While Anthony and Chartrand’s article focuses primarily on the overtly naked and coercive violence of criminal justice institutions, Joe Sim and Steve Tombs’ (2022) work in this issue illustrates how ‘state talk’ seeks to construct a consensus which mystifies preventable harms and obfuscates responsibility for them. The article identifies the ways in which the UK Government socially constructed a particular ‘reality’ around the COVID-19 pandemic that sought to deny the state’s role in preventable deaths and illness. It examines how multiple and multifaceted harms emerge from the Government’s mismanagement of the pandemic from its very outset, and how these avoidable harms particularly impacted upon already vulnerabilised communities. The article deconstructs the ‘state talk’ which sought to portray the Government as a heroic victor engaged in battling an (allegedly) soon-to-be-vanquished foe via a discourse of ‘war’, partly facilitated through a theatre of carefully choreographed press briefings, Union Jack flags, the selective anointing of ‘heroes of the nation’, and participation in highly visible public rituals. Sim and Tombs’ work sheds light on what has been mystified in all of this performance and rhetoric, while in turn evidencing the clear harms experienced by the public. These include, but are not limited to, failures around the provision of adequate personal protective equipment to frontline workers; the appropriate management of UK borders; the testing of people moved from hospitals to care and residential homes; the stopping of all but completely essential work; and the development and maintenance of adequate testing, tracing and isolating strategies and systems. As such, the article forms a challenge to ‘state talk’ and calls for a serious reckoning with the neoliberal violence, corruption, degradation, deceit and delusions which have evidently failed to secure safety for all.

The mystification of state practices, and their failure to secure safety for all, is further explored in Sam Hanks’ (2022) discussion about the policing of sex work. Focusing primarily on Wales, UK, the article draws a distinction between the current rhetoric around ‘safeguarding’ and ‘vulnerability’ and the lived reality of sex workers’ experiences of policing. Narratives from sex workers highlight the frequent monitoring of premises, the violence of raids, and the fear which results from these forms of police activity. Sex workers whose testimonies feature in the article describe the lack of support experienced and their resulting reluctance to engage with police forces, including when subjected to assault and intimidation. Hanks argues that the seemingly low rates of arrest for offences linked to sex work also disguise the ways in which other aspects of areas of law are used to police those involved, such as through immigration controls and border violence. Hanks’ article suggests that, despite rhetoric which claims to prioritise sex worker welfare and safety, much of the approach actually taken operates as a form of social control, continually exposing workers to violence, dangerous conditions, labour exploitation, border harms, police impunity and repression. The work illustrates that the failure to provide support for sex workers – or even to acknowledge their needs – during the COVID-19 pandemic further sheds light on the differences between rhetoric and reality when it comes to securing safety and wellbeing for all, including for some of the most marginalised in our societies.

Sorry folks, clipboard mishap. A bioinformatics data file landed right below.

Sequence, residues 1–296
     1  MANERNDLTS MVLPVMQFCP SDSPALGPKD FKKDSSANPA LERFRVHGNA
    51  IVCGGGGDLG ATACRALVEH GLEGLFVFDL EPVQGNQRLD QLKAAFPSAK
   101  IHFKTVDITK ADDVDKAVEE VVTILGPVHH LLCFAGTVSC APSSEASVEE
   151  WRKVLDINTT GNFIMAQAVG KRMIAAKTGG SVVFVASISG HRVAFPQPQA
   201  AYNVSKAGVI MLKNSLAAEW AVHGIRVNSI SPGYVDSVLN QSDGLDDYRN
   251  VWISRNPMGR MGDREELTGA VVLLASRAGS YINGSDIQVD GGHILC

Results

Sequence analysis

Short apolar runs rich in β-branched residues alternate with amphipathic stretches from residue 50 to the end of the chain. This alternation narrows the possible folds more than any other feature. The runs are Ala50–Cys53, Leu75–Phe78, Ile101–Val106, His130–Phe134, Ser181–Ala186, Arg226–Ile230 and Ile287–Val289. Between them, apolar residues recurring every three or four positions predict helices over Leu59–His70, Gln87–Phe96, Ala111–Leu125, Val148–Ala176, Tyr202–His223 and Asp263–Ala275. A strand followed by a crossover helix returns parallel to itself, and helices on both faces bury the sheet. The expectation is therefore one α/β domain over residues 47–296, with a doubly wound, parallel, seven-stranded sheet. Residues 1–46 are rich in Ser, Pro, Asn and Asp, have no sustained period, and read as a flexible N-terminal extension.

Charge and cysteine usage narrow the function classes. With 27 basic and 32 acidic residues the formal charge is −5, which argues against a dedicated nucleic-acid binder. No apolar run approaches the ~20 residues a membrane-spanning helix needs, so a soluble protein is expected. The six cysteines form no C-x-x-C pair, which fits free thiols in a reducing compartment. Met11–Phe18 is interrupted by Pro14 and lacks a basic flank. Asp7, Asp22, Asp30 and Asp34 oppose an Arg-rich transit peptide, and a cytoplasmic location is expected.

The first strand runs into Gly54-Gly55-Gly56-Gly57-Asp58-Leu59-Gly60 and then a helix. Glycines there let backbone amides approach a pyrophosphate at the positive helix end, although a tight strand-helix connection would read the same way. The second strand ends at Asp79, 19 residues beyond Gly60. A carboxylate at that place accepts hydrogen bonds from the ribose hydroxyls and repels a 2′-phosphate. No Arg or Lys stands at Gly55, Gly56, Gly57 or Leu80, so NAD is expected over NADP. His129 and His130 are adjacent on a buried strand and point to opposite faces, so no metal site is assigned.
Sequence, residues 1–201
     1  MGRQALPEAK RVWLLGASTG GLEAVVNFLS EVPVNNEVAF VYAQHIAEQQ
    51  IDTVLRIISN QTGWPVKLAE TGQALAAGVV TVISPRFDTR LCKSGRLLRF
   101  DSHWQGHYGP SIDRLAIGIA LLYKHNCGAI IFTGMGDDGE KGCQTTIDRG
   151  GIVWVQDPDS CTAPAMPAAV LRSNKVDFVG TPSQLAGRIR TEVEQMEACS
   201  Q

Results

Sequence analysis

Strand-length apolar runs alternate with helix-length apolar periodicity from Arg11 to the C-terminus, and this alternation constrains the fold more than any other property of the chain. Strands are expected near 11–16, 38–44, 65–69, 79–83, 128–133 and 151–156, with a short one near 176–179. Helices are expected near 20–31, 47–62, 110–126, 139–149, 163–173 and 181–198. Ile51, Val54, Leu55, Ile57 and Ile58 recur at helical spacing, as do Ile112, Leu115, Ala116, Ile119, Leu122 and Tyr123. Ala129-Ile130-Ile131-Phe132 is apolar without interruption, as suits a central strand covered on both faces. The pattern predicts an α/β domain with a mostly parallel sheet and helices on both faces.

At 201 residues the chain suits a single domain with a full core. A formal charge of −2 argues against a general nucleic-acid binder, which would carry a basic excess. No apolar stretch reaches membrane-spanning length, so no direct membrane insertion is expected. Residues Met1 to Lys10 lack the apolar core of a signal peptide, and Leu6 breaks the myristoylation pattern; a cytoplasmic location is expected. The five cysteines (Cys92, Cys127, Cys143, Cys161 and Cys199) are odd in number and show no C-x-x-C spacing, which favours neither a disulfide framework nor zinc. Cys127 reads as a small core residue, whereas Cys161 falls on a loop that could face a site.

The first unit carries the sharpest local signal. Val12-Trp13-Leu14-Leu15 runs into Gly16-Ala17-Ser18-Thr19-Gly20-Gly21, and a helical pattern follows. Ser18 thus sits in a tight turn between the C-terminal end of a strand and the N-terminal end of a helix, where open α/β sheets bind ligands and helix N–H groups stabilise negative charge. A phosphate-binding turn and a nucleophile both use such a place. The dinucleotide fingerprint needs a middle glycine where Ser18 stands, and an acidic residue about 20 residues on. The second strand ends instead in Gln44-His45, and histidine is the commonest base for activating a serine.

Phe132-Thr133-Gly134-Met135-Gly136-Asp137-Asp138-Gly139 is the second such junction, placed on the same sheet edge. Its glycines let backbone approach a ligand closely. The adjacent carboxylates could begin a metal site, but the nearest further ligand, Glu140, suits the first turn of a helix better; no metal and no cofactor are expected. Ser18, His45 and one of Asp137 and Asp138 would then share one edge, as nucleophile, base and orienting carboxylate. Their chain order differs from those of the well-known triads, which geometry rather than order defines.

The subjection of the most marginalised to further forms of violence is a theme which also features in Imogen Richards’ (2022) article. It argues that neoliberal governments across the world have sought to hold their citizens responsible for governmental failings during the pandemic. The article suggests that already marginalised groups were framed as sites of danger and threat by both governments and far-right non-government organisations. Richards explores how scapegoating was used to distract from public health failings and the erosion of public services which further fuelled the pandemic. The article alleges that the response to COVID-19 from many neoliberal governments and non-governmental actors can be collectively viewed as representative of a ‘far-right social turn’, in which manifestations of state power provide an ideological context for the flourishing of exclusionary sentiments. Richards’ work also examines the role of the media in disseminating propagandist narratives about the alleged causes and consequences of both COVID-19 and various vaccines. They argue that, in many instances, this narrative frequently contained messaging which sought to dehumanise and demonise those deemed ‘other’, and typically featured white nationalist rhetoric and imagery. The article argues that the far-right social turn both encourages and is encouraged by racist violence, the obfuscation of structurally determined devastations which led to and emerged from COVID-19, and the suppression of public understanding about the neoliberal mismanagement which continues to further the harmful effects of this crisis.